Quick tips you can try today to stay focused on your goals (and avoid distractions!)
About eight years ago, I started noticing that other people seemed to be having more fun than I was. And I realized that if I wanted more fun in my life, it was up to me to do something about it.
One thing I did to introduce more fun into my life was to take up golf. I felt it was a natural fit for me. I love the outdoors, I enjoy watching golf on TV, and I consider myself a natural athlete.
If you know me at all, you know I don’t believe in half measures. I applied the same vigor to this new hobby as I apply to my business goals. My action plan included scheduling and taking golf lessons, keeping a journal of swing tips, and buying almost every training aid as soon as I saw it promoted on The Golf Channel.
In the end… after more than 100 golf lessons and with 400+ pages of golf notes and a closet full of training aids… my scores have definitely improved. I don’t think they’ll ever be as good as I would like – still, embarking on my “learn to play golf” goal has yielded many benefits: a mountain of fun memories, new friends, and great experiences. Golf remains an enjoyable challenge.
I’m not telling you this to try to convince you to take up golf. But I do want to encourage you to take action on whatever goals you have set for yourself. Acquiring any kind of knowledge is worthwhile. Yet, that knowledge is absolutely worthless unless you use it to develop a plan, take action, and channel that action into success.
A good approach is to use the following formula:
- Dedicate 25 percent of your allotted time to studying.
- Dedicate 25 percent of your allotted time to observing.
- Dedicate 50 percent of your allotted time to DOING!
And I think you’ll find that the DOING part of the formula is integral to the studying and observing.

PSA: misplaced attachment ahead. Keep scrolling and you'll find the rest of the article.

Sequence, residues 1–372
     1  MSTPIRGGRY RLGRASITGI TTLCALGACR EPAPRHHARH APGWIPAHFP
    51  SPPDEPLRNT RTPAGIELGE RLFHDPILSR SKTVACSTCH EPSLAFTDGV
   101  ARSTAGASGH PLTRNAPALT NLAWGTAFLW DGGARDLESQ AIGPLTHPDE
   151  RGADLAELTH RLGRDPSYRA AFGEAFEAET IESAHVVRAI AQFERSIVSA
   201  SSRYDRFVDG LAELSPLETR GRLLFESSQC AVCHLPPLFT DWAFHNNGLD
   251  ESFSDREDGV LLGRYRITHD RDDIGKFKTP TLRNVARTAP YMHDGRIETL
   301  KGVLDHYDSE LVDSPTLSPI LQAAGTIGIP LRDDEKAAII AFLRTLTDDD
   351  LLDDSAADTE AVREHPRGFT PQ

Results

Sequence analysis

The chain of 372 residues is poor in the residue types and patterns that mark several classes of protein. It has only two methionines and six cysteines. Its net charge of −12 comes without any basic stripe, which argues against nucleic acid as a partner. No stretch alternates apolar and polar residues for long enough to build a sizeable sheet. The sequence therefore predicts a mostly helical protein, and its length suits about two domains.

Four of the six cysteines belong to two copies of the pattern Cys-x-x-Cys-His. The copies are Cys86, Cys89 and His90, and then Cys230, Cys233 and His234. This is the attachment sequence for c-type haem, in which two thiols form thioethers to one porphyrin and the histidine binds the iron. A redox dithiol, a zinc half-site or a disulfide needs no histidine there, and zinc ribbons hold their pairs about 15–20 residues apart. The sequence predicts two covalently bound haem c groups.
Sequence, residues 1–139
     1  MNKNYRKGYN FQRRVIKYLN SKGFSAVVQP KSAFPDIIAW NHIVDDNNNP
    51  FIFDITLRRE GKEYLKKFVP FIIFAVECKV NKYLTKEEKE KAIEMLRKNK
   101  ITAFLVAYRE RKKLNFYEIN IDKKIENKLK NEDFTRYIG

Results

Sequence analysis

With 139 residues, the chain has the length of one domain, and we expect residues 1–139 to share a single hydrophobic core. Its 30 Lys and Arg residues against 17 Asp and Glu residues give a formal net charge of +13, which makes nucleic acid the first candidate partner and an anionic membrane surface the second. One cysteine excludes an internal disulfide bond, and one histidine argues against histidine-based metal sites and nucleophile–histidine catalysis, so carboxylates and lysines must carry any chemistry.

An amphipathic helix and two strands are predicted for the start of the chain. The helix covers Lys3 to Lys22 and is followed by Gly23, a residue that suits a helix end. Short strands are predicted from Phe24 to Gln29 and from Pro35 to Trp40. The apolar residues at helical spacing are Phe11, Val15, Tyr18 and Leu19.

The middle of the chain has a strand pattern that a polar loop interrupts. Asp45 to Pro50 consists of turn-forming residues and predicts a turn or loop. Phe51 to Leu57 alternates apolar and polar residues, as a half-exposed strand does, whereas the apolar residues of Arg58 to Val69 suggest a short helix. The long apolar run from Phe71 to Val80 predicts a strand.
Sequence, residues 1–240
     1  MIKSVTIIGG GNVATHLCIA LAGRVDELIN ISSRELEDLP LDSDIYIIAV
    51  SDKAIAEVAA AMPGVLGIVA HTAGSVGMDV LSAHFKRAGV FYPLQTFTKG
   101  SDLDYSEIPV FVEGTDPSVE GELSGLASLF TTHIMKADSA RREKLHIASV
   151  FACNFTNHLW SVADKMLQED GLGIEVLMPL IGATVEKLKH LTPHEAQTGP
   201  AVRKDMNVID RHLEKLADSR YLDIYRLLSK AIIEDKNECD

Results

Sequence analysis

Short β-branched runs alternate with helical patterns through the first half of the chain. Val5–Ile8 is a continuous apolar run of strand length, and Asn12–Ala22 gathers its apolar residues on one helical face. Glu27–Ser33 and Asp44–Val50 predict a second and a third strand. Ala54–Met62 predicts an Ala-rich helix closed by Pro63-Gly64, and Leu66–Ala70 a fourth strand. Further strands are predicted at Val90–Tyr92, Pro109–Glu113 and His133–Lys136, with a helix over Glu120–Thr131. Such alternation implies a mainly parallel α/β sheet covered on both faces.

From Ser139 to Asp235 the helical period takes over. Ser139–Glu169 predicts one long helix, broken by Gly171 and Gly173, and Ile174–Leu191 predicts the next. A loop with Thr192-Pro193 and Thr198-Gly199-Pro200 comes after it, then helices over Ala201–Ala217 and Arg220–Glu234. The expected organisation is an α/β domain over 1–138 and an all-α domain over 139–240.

In my case, it was easy to assign 50 percent of my time to DOING by taking golf lessons, practicing my swing on the driving range, and practicing chips and putts around the greens. But if I hadn’t dedicated the other half of my time to making notes, thinking and visualizing my game, and observing proper course management, I wouldn’t have gotten much better.
All three elements linked together. I needed all three to be successful. It will be the same for you and the goals you set for yourself.
When you are dedicating yourself to achieving a specific goal, you must promise yourself to use the time you’ve blocked off for it ONLY for working toward that goal. Avoid mental and physical distractions. If, for example, you start thinking about your job, family, friends, or the party you’re hosting next weekend during the block of time you’ve scheduled for learning golf, you’re stealing time from your goal.
It’s easy to let your mind wander away from what you should be focused on doing. In fact, studies have shown that the mind wanders every chance it gets. This has probably happened to you many times. For instance, you could be reading an important financial report and suddenly find yourself thinking about an unpleasant encounter you had earlier in the day.
What to do? Take charge of your brain. After all, it is YOUR brain!
Here are five techniques I have used to get my mind back on track whenever I find it wandering away from the task at hand:
• Check your emotions.
If I’m stewing about something unrelated to what I’m supposed to be working on, I remind myself that “emotions have no cash value.” And I refocus.
• Let it go.
If I’ve done my part and the ball is now in someone else’s court, I remind myself that there’s nothing I can do about it at the moment. And I refocus.
• Take a breather.
To refresh my mind, I take a quick break. Even stopping to get a glass of juice helps me refocus my attention where it should be.
• Keep a notepad handy.
If the distracting thought that pops into my head could be useful – maybe an idea for a solution to a client’s problem – I write myself a note and refocus. That way, I know I won’t forget that idea. I’ll get back to it later, AFTER I’ve finished what I’m doing.
When I’m tired my mind tends to wander even more. In that case, unless I am on a tight deadline, I reschedule what I’m working on.
It is far more productive to stay focused on the work you are doing WHILE you are doing it. Although studies suggest that 30 to 40 percent of the time most people don’t really think about what they’re doing, YOU can be different. It takes practice and willingness to discipline yourself to be “in the here and now.” But it is worth it.